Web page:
The Fall of the House of Usher
Allan visits the sinister Usher family mansion, where his friend Roderick is painting a portrait of his sickly wife Madeline. The portrait seems to be draining the life out of Madeline, slow... Read allAllan visits the sinister Usher family mansion, where his friend Roderick is painting a portrait of his sickly wife Madeline. The portrait seems to be draining the life out of Madeline, slowly leading to her death.Allan visits the sinister Usher family mansion, where his friend Roderick is painting a portrait of his sickly wife Madeline. The portrait seems to be draining the life out of Madeline, slowly leading to her death.
Anyway, this is now my third viewing of the movie: the second had occurred either as part of an earlier Bunuel retrospective or to compare it with one of the many other filmic renditions of the tale. For the record, a viewing of the obscure low-budgeted 1949 British effort followed this re-acquaintance with the Epstein film, while I also own and have watched the U.S. short (also from 1928) and the 1960 Roger Corman/Vincent Price classic but there are at least five more versions I would be interested in catching (by such notable directors as Alexandre Astruc, Jan Svankmajer, Jesus Franco, Curtis Harrington and Ken Russell)!
That said, my reaction to the film under review continues to be ambivalent: to begin with, this is perhaps one of only two cases which can truly be described as a dream-like experience (the other being the equally haunting but more readily satisfying VAMPYR  by one of my favorite auteurs, Carl Theodor Dreyer); however, the sluggish pacing makes its brief 66 minutes feel long not helped by the archaic parts of the accompanying score (at least, some of it was suitably avant-gardist) and the droning narration, reading the English translation of the original French intertitles, by respected but heavily-accented actor Jean-Pierre Aumont!
Visually, the film really cannot be faulted as the Impressionist first half (with images that could almost be taken for paintings) giving way unsurprisingly to Expressionism in the much-anticipated high-strung finale. Even more than in MAUPRAT (1926), Epstein virtually lets the camera and the editing tell the story: the acting actually leaves much to be desired (especially since both Usher and his guest are way overage, with the latter bafflingly also made out to be quite deaf!); as for Madeleine, she is played by Marguerite Gance (wife of famous pioneer film-maker Abel – Bunuel's disdain of whom eventually cost him his job!), who manages the character's essential frailty and subsequent wraith-like features. Incidentally, Roderick and Madeleine are here husband and wife rather than brother and sister; other unwarranted changes to the source material were its depiction of the Usher mansion as something of a monstrous abode, akin to Castle Dracula, and the rather disappointing climax in which the Ushers actually survive the ordeal – thus rendering the title pointless!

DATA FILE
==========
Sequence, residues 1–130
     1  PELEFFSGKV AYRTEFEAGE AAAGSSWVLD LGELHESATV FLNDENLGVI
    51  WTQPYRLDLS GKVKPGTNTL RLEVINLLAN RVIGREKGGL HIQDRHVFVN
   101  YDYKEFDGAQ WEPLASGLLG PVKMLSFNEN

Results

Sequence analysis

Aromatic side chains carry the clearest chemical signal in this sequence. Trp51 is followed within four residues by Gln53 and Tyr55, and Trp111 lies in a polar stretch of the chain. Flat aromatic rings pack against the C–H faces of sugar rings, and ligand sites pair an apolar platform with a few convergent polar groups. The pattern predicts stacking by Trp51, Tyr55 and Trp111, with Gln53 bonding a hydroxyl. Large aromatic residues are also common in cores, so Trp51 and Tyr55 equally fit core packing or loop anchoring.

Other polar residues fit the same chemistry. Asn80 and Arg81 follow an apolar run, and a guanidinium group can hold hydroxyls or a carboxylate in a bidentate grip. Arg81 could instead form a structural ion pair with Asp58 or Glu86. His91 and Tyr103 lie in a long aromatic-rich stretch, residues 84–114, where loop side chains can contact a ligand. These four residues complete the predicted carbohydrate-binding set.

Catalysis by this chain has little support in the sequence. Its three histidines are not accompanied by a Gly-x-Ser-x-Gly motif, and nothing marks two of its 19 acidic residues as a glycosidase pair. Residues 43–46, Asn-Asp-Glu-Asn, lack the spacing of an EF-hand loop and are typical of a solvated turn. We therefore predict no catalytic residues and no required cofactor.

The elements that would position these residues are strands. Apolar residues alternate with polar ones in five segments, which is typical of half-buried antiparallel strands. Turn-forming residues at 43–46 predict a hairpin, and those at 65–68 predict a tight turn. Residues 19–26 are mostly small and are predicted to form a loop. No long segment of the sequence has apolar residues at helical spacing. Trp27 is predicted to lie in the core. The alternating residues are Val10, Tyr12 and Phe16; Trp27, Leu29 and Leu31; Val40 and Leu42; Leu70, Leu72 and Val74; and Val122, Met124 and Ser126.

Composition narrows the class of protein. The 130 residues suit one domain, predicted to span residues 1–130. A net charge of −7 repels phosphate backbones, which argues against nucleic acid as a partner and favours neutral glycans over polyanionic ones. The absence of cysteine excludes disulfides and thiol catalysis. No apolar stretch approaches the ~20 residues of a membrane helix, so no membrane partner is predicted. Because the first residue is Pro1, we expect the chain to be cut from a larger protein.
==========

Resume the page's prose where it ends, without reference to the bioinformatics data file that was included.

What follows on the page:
Again, the power (and reputation) of the film rests squarely on its memorable detail: taking a cue from Poe's "The Oval Portrait", Madeleine's 'painting' by Roderick literally comes to life as its subject fades away more and more (at one point, Madeleine even feels her husband's brush stroke on the canvas, as if it had really touched her cheek); her eventual succumbing to catalepsy, played out in slow-motion; the lengthy ritual of her burial (her resting-place even lying across the river, a la Bunuel's own much-later THE RIVER AND DEATH ); her 'resurrection' (amusingly, the name Ligeia also crops up as an ancestor in the Usher family crypt!), with the sight of the casket moving about in the grave anticipating the surreal coffin-scurrying-through-the-wilderness sequence from the Spanish maestro's SIMON OF THE DESERT (1965), etc.
Despite the rather grainy DVD transfer (the faults of the print exposed all the more on my 40" TV monitor), the quality of the cinematography comes though – highlighting both the desolate, fog-bound landscape and the expansive interiors (the wind blowing through the house results in constantly billowing curtains and books falling from the library shelves in slow-motion); as already mentioned, Epstein practically runs the gamut of the cinematic language along the way, adopting such techniques as cross-cutting (at various points during one particular sequence incorporating, for no very good reason, a couple of frogs engaged in the act of copulation!) and superimposition, down to shaking the camera in order to evoke a character's disorientation. Unfortunately, the all-important closing moments of the film are rushed and decidedly muddled – even diminishing a nice effect ostensibly created by a constellation of stars, which appears in the skies behind the mansion, shaped like the Ushers' warped family-tree!
While highly acclaimed in some quarters - with hyberbolic claims ranging from "the finest horror film ever made" to "the pinnacle of artistic achievement in European cinema of the 1920s" - this version would be all but forgotten forty years later (it does not even earn a mention in Carlos Clarens' influential tome "An Illustrated History Of The Horror Film") and the exact same destiny befell Epstein himself later on, despite having been one of the three key avant-garde French exponents of the era (the others were the afore-mentioned Abel Gance and Marcel L'Herbier).
- Oct 24, 2010